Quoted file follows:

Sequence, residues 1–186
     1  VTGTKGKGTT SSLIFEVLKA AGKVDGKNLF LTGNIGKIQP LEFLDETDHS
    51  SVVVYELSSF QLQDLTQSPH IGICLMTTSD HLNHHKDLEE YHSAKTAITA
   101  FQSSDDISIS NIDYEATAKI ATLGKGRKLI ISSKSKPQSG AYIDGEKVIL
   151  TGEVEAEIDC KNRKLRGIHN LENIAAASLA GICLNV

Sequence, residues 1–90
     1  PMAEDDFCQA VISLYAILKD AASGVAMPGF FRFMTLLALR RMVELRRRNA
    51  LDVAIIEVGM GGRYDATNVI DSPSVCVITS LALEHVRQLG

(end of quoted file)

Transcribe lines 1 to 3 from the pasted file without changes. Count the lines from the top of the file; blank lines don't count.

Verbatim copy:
Sequence, residues 1–186
     1  VTGTKGKGTT SSLIFEVLKA AGKVDGKNLF LTGNIGKIQP LEFLDETDHS
    51  SVVVYELSSF QLQDLTQSPH IGICLMTTSD HLNHHKDLEE YHSAKTAITA